30. The method of claim 29, wherein the submicron oil-in-water emulsion consists essentially of 5% by volume of squalene; and one or more emulsifying agents selected from the group consisting of polyoxyelthylenesorbitan monooleate and sorbitan trioleate, wherein the total amount of emulsifying agent(s) present is. 1% by weight (w/v).

31. The method of claim 30, wherein the one or more emulsifying agents are polyoxyelthylenesorbitan monooleate and sorbitan trioleate and the total amount of polyoxyelthylenesorbitan monooleate and sorbitan trioleate present is 1% by weight (w/v).

32. A method of making a composition comprising combining a submicron oil-in-water emulsion that lacks N-acetylmuramyl-L-alanyl-D-isogluatminyl-L-alanine-2-(1′-2′-dipalmitoyl-sn-glycero-3-huydroxyphosphoryloxy)-ethylamine (MTP-PE), with a hepatitis C virus (HCV) envelope antigen and an immunostimulatory nucleic acid sequence (ISS).

Description:

CROSS-REFERENCES TO RELATED APPLICATIONS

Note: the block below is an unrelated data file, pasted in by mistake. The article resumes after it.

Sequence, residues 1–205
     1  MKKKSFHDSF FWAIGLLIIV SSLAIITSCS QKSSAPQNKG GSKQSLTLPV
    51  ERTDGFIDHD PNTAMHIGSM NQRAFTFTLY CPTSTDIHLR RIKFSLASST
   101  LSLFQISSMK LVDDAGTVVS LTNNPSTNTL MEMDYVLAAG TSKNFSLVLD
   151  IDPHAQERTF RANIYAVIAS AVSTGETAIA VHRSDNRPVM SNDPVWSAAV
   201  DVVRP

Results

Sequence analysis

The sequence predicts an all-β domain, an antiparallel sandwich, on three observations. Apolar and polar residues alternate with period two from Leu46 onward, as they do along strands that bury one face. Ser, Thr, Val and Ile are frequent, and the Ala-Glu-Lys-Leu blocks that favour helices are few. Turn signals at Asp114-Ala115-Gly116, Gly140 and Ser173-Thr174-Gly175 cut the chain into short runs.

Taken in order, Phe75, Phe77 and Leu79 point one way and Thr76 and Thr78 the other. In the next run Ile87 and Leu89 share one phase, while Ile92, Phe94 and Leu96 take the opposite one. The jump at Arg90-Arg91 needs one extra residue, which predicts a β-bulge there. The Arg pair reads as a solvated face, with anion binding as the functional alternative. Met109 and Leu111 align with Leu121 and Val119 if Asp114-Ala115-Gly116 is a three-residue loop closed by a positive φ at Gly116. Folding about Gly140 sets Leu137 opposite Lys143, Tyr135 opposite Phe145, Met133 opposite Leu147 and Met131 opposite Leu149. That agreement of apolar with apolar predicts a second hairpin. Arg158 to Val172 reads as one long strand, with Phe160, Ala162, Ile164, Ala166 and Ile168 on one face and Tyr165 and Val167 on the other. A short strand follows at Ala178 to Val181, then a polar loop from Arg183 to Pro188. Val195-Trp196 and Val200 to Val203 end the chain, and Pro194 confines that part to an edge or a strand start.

This application is a continuation of U.S. patent application Ser. No. 11/154,324, filed Jun. 16, 2005, which is a continuation of U.S. patent application Ser. No. 10/187,257, filed Jun. 28, 2002, from which applications priority is claimed pursuant to 35 U.S.C. §120. U.S. application Ser. No. 10/187,257 claims the benefit under 35 U.S.C. § 119(e)(1) of provisional patent application No. 60/302,227, filed Jun. 29, 2001, which applications are hereby incorporated by reference in their entireties.

TECHNICAL FIELD

The present invention pertains generally to vaccine compositions. In particular, the invention relates to HCV E1E2 vaccine compositions comprising E1E2 antigens, submicron oil-in-water emulsions and/or CpG oligonucleotides.

BACKGROUND OF THE INVENTION

Hepatitis C Virus (HCV) is the principal cause of parenteral non-A, non-B hepatitis (NANBH). The virus is present in 0.4 to 2.0% of blood donors. Chronic hepatitis develops in about 50% of infections and of these, approximately 20% of infected individuals develop liver cirrhosis which sometimes leads to hepatocellular carcinoma. Accordingly, the study and control of the disease is of medical importance.